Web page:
The primary purpose for any of these options is my own pursuit of self-actualization - I would just like it to be marketable in some fashion if I go through the work to do it.
 

Suburb Repairman

moderator in moderation
Staff member
Moderator
Messages
7,326
Points
30
I've heard from professors at various universities that Liberty's reputation does precede it, rightly or wrongly. I can tell you personally that I view that institution with deep skepticism and as a diploma mill (had some bad experiences with alumni). Specific to the Liberty DPA, it is known for being 100% online and thus may hamper you as doctoral level online degrees are not viewed as having sufficient rigor even when tied to a brick/mortar institution. I think a collegiate setting is essential to a terminal degree like that--that online programs are unable to replicate teaching experience and collaborative research environments found on campus. I would note that this is from people outside of the immediate Virginia market--your mileage may vary locally.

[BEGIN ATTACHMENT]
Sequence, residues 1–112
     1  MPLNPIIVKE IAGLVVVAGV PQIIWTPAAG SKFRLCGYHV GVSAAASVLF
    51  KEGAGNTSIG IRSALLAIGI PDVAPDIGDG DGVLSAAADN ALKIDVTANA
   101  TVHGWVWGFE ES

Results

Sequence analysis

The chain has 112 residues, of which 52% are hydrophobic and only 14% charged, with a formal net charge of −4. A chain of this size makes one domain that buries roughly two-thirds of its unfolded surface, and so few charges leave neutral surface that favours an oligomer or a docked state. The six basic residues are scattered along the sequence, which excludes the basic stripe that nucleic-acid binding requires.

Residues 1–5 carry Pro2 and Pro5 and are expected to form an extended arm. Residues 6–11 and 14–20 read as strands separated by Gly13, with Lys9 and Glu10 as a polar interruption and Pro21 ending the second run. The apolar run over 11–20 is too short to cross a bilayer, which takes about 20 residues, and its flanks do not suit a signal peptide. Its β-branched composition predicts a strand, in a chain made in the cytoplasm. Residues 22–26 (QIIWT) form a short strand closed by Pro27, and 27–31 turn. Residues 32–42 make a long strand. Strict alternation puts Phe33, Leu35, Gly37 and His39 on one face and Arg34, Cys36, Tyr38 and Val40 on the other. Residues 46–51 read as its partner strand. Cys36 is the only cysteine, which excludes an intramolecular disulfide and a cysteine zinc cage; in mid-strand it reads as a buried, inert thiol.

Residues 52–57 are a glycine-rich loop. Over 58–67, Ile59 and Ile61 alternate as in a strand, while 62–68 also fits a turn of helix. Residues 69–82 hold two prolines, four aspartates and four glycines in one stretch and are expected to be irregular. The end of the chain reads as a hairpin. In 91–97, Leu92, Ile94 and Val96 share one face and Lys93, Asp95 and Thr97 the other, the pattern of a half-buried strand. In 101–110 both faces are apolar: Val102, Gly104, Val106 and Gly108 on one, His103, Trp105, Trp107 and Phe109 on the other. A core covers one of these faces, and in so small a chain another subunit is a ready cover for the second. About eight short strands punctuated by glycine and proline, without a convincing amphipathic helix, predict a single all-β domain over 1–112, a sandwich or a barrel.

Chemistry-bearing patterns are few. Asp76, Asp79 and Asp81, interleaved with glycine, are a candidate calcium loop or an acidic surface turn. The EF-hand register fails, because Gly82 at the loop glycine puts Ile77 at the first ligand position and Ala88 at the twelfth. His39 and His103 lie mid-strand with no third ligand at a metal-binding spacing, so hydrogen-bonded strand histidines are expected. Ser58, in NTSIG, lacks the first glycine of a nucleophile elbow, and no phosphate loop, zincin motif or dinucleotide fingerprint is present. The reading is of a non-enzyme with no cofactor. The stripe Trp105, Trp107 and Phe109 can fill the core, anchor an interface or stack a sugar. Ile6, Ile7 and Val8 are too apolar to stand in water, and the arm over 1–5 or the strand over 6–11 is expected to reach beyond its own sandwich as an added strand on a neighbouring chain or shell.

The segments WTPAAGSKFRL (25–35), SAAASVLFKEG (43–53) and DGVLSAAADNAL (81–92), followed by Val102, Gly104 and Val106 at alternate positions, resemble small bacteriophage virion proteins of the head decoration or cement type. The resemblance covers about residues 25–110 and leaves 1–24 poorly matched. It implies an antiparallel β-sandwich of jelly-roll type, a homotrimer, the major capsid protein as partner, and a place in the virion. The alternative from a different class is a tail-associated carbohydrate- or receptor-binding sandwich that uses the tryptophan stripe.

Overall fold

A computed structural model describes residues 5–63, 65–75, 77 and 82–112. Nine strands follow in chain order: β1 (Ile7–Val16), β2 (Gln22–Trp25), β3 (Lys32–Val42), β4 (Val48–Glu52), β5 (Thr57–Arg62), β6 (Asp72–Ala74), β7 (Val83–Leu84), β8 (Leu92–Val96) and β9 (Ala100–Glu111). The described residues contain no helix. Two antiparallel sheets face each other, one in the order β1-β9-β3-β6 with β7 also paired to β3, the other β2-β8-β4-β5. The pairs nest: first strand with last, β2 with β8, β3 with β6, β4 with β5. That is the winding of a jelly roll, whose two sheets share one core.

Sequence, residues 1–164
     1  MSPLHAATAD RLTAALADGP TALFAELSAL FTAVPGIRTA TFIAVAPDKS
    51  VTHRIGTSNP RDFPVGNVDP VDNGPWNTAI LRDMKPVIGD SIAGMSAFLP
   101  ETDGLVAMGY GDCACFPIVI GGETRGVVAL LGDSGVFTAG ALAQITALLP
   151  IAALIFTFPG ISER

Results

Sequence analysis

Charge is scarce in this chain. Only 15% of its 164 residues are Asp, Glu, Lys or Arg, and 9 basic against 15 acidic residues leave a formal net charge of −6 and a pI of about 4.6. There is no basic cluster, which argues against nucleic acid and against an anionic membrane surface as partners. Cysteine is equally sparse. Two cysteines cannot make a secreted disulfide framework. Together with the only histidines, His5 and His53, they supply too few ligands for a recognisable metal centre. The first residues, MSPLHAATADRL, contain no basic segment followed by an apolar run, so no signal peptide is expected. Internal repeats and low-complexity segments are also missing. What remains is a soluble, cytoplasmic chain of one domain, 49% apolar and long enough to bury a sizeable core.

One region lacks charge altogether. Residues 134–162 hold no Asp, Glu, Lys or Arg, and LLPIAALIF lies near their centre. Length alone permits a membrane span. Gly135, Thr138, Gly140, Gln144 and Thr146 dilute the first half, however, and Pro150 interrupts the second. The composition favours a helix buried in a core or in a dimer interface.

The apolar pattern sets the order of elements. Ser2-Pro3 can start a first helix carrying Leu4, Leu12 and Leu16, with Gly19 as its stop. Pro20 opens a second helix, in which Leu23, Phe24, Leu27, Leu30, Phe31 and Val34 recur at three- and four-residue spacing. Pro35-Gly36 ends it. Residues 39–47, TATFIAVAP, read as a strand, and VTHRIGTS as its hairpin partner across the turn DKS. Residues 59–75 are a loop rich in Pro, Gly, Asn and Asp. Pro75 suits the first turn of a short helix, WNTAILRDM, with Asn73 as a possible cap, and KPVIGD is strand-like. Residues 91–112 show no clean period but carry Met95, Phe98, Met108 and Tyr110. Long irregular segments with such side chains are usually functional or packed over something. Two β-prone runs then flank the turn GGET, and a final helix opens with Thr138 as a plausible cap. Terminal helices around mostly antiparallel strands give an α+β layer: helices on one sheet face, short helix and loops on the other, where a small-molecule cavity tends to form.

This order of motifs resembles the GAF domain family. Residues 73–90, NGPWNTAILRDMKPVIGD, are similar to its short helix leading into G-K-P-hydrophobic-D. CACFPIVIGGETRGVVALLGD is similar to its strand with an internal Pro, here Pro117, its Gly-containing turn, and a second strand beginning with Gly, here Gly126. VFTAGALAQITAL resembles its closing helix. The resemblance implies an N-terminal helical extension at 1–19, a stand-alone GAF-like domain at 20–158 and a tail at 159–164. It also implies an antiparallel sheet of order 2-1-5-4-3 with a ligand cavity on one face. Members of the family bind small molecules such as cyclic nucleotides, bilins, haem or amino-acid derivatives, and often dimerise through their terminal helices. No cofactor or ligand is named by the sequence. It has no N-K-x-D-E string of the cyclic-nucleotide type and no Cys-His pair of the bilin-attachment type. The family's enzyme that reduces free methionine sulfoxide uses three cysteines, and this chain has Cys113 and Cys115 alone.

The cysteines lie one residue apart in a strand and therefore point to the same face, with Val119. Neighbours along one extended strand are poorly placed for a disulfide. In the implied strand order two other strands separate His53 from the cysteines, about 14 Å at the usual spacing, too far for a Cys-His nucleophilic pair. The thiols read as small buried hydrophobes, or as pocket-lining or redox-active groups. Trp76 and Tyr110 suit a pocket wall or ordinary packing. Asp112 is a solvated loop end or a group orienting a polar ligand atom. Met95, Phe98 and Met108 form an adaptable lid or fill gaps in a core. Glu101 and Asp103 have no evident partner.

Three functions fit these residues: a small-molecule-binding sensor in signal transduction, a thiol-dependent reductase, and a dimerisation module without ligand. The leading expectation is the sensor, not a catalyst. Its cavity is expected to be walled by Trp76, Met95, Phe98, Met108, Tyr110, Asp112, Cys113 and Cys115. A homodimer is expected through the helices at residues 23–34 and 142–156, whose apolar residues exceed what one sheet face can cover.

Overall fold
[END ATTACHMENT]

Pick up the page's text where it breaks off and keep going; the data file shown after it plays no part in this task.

There may be more benefit to an online MPA rather than a terminal degree, given your described goals. MPAs are more marketable than a DPA. For that, there are many excellent online programs tied to brick/mortar institutions. A doctoral degree could even hamper you as you might be viewed, rightly or wrongly, as an egghead case of "those that can't do, teach" by regular workplace employers. A masters degree is typically sufficient to teach as adjunct at a state school. I would recommend that to see if you even like it. If you want to crossover to research and full-time professor, universities often offer deeply discounted tuition for adjuncts to elevate to doctoral level along with other assistance.